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January 1966

Fluid and Electrolytes in Neurological Surgery.

Arch Neurol. 1966;14(1):113. doi:10.1001/archneur.1966.00470070117016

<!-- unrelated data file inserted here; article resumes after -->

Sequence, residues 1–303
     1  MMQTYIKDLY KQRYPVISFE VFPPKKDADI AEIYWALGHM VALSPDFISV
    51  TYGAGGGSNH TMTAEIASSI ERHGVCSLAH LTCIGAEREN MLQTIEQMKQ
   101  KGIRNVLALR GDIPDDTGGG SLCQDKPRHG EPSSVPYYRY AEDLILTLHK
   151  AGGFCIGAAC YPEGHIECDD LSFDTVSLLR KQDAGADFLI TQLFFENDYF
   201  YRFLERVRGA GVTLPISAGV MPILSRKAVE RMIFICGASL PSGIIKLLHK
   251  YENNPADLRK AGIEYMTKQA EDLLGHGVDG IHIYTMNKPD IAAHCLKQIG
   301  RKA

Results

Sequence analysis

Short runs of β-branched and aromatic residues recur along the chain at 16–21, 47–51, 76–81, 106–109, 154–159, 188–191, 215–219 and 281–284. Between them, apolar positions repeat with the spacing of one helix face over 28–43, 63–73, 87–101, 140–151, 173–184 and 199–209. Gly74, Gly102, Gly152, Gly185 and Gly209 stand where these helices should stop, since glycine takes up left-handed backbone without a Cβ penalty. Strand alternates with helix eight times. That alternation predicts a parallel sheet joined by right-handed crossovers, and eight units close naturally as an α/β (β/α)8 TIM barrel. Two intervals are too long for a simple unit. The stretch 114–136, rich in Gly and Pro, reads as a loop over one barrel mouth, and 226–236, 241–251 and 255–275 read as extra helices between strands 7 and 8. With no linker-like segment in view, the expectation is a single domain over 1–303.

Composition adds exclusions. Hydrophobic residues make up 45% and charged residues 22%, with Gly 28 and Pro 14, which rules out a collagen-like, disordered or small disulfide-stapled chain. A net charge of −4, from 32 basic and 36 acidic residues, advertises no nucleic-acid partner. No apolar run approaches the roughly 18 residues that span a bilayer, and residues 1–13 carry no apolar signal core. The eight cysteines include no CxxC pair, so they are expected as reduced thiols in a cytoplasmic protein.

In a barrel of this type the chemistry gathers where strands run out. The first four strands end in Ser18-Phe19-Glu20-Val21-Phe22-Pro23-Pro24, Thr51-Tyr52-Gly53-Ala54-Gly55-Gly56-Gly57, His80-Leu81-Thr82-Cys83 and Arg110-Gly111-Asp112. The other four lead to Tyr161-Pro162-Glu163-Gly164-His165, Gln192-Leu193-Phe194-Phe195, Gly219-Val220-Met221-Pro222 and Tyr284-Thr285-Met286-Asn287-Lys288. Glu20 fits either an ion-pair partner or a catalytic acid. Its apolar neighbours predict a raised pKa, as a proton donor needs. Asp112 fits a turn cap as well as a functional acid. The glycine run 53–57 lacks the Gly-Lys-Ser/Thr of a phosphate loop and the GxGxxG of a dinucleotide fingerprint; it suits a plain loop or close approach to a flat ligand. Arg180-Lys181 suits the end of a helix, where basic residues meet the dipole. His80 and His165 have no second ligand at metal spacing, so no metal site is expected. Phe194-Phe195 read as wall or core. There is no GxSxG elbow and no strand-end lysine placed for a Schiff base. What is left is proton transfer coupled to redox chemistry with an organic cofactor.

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Major advances in the field of salt and water metabolism in the last 20 years have contributed greatly to our understanding of the pathophysiology of many disease states, and have significantly altered clinical practice on every hospital service. These contributions to therapy have not been heralded by the lay press, as have the dramatic successes of new operations and "wonder" drugs in the management of the seriously ill; nevertheless, the proper handling of fluid and electrolytes have made such advances possible. Neurologists and neurosurgeons have been rather slow to apply the new information to their patients, despite the fact that derangements of nervous system function provide the main clinical manifestation of disordered salt and water metabolism. The author has been actively interested in this field with particular reference to the problems of neurosurgery and has made useful contributions to the experimental and clinical literature. He has produced, in just 83

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